This is part of Nourish’s Yoga Practise Guide Library. We were inspired to make these guides to support your own yoga practise and as a resource for teachers who want to make their classes more accessible. We were also pretty tired of all the generic teaching instructions and guides floating around the internet that aren’t inclusive, accessible or adaptable in any way.
If you would like more guidance on making this practice accessible, we have missed something, or you have any questions drop us a comment –– we love hearing from you and really do mean it when we say yoga is for everybody!
If you’re curious and want to dive right in, skip to the end of the post where we share a recording of Harriet leading a loving-kindness meditation for you to try.
What is Nadi Shodhana?
Nadi Shodhana is a largely accessible pranayama (breathing) practice, intended to have a calming and balancing effect. The name is translated into English as Alternate Nostril Breathing, as during the practice, you alternate your inhalation and exhalation through the left and right nostrils.
The Sanskrit word Nadi means tube or channel, pertaining to the energetic network of channels that carry prana through the body, and Shodhana means purifying. From a yogic energetics perspective, Nadi Shodhana is considered to be a practice that purifies, unblocks, or balances the energetic dynamics of the body, allowing for a smooth flow of prana.
The physiological effects of Nadi Shodhana have also been assessed in scientific studies. Studies report increased activation of the parasympathetic nervous system (the ‘rest and digest’ or relaxation response) with regular practice, as well as a reduction in blood pressure for people with high blood pressure and improved dexterity in the hands. It is important to note, as is the case with these studies, that a majority of the research conducted on yoga is in small population sizes and limited demographics, therefore we cannot assume these effects will be true for everybody.
You may connect to the energetic explanation, or you may not. You may be interested in the scientific studies, or you may not. You may conclude that the energetic and physiological effects can be mapped on to each other, or you may not. There is no best theoretical way to approach or make sense of the practice. What is significant, however, is noticing and exploring how the practice affects you — physically, emotionally, and psychologically — and encouraging your students to do the same.
Nadi Shodhana or Anuloma Violma?
Alternate Nostril Breathing is also sometimes called Anuloma Violma (Sanskrit: Anuloma = with the grain, Viloma = against the grain). So, is there a difference between Anuloma Viloma and Nadi Shodhana?
Although there are many different explanations available for distinguishing between the practices, regarding the length, depth, retentions of the breath, and whether you inhale or exhale through one or both nostrils, there is no commonly agreed-upon distinction. Depending on which resource you consult, you will find different reasonings and variations that fall under the names Nadi Shodhana and Anuloma Viloma.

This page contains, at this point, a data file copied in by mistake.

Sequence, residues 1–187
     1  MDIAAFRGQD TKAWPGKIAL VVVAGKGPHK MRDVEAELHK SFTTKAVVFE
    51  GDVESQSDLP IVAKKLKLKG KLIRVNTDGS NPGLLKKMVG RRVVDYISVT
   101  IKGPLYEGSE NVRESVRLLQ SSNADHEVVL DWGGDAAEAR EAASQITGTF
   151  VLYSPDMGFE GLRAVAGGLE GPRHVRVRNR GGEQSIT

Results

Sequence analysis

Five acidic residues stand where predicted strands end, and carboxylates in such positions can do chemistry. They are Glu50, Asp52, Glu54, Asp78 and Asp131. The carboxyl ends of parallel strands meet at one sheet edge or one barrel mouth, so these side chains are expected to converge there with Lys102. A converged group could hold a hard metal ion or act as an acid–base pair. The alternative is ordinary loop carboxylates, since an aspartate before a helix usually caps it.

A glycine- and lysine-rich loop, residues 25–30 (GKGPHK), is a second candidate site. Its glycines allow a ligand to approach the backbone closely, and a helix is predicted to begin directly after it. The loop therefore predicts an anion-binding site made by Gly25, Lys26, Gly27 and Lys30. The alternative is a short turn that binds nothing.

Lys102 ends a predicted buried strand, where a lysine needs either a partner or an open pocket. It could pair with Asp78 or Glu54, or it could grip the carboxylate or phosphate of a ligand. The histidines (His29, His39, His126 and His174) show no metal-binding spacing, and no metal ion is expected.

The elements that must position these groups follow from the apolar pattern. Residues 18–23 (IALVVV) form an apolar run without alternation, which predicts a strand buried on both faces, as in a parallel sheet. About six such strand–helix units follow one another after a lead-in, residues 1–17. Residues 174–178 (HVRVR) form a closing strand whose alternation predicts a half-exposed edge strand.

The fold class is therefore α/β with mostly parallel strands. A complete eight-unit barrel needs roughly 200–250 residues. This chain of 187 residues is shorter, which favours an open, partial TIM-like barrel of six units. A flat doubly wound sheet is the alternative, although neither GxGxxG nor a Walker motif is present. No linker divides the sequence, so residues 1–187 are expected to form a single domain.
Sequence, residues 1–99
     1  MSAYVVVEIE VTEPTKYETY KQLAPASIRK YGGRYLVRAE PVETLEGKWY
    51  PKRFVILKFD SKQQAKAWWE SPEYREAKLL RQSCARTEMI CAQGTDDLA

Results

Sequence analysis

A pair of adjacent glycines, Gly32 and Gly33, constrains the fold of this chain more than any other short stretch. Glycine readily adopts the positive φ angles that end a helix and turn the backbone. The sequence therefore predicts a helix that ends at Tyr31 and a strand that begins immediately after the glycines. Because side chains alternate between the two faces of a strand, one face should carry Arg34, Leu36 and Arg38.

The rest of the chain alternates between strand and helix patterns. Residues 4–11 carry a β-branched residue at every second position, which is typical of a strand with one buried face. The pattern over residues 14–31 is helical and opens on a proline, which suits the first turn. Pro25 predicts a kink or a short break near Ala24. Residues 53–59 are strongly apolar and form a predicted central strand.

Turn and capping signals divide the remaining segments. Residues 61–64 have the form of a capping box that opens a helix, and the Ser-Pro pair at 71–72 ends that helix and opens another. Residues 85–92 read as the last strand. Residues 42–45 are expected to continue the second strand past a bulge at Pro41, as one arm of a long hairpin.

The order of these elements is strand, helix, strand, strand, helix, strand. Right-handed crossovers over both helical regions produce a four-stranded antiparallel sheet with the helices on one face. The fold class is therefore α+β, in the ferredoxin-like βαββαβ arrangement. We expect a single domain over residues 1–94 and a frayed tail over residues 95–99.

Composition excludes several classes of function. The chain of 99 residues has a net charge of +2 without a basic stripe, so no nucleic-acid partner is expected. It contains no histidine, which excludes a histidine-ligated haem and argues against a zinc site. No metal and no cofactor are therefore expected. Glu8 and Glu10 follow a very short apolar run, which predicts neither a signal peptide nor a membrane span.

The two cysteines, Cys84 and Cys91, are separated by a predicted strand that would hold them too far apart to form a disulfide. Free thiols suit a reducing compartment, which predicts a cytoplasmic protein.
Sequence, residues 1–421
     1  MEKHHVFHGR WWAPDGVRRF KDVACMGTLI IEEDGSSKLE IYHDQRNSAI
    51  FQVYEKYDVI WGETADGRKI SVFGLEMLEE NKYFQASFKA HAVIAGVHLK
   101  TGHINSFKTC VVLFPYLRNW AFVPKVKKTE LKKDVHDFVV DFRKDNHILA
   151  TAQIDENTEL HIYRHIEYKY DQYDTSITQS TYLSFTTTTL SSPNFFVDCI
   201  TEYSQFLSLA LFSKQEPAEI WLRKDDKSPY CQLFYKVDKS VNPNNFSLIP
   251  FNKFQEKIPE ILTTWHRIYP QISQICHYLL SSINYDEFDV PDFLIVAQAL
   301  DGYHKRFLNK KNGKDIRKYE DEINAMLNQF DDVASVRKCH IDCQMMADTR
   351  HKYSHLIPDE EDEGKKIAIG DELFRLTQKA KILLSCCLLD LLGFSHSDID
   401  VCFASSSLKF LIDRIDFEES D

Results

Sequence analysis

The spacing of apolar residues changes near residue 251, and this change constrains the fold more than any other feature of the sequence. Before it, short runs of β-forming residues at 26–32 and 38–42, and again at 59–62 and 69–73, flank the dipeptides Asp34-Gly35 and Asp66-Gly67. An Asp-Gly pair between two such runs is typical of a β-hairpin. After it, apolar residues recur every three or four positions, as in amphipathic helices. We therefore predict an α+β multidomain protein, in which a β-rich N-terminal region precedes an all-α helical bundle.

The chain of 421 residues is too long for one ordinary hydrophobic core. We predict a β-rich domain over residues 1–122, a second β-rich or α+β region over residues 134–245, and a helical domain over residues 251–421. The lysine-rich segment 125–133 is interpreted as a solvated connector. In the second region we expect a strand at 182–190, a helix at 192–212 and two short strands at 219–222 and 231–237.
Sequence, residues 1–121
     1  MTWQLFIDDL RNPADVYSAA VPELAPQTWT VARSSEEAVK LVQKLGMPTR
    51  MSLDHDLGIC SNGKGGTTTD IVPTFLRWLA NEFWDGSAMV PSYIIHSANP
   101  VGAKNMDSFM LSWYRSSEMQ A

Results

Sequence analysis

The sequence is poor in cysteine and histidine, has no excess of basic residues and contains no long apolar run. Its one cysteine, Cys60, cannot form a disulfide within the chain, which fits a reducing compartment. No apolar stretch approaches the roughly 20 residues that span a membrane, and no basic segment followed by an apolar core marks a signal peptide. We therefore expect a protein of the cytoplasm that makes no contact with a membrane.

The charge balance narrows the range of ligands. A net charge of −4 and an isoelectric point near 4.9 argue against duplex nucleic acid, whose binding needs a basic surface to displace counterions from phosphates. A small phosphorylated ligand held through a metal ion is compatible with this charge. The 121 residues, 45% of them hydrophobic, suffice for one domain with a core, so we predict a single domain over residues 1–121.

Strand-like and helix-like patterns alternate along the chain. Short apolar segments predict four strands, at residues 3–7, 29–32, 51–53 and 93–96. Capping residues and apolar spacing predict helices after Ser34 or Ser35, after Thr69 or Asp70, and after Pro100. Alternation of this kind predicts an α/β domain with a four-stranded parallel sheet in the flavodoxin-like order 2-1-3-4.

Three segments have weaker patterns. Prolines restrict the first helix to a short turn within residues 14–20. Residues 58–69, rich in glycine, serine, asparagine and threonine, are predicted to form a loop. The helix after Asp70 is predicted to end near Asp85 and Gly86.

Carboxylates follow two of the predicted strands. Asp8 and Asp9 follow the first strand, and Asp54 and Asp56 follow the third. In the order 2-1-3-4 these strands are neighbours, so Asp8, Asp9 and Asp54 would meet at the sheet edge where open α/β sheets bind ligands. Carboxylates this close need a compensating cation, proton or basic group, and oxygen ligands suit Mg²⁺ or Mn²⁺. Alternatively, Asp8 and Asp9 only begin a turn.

The most likely reason why this is the case is that yoga has never been a uniform tradition. Yoga has always consisted of many lineages that have passed down their philosophies and practices primarily orally. There has always been different interpretations and teachings of the various yoga practices. Not only do practices vary between traditions, but they also may have been adapted within the tradition to serve the needs of individual students.
In short, it is near enough impossible to pin down a clear difference between Anuloma Viloma and Nadi Shodhana, hence why the two names are used interchangeably for the same practice.
In this guide, we use the name Nadi Shodhana and explore different variations of the practice. However, if you have been taught within a specific lineage that uses another name or draws clear distinctions between Nadi Shodhana and Anuloma Violma, you can use the name you prefer. What we believe to be of most importance is finding a variation of the practice that works best for each individual.
Nadi Shodhana Suggestions and Variations
Step One: Find a comfortable seated position. This can be on a chair, kneeling, or cross-legged on a block or cushions.
Lengthen the spine as much as possible, let the shoulders and belly be soft. Creating a lengthened, open, and soft torso is helpful for pranayama practices as it enables the breath to move freely and deeply in and out.
If your breath feels short or restricted, you may want to take a few rounds of three-part breath to find depth and softness.
Step Two: Set up your hands. You will use your dominant hand to open and close the nostrils, by using a mudra called Nasagra mudra (Sanksrit: Nasagra = nose tip, mudra = seal) shown in the leading picture above.
Hold your dominant hand palm facing up out in front of you and spread the fingers, then gently squeeze the index and middle finger together and the ring and pinky finger together (if you watch Star Trek it looks like the Vulcan salute). Rest your index and middle fingers on your third eye, the space between your eyebrows. Then rest your thumb on one side of the bridge of your nose on the bony ridge. Slide your thumb down to the soft part just beneath the ridge, and gently squeeze to close off your airway. If you push firmly, you will feel that you can close it off completely, but you can also push softly to leave a slight opening. Repeat this step with the ring and pinky finger on the other side (the ring finger does the closing action against the nose, and the pinky finger rests alongside it).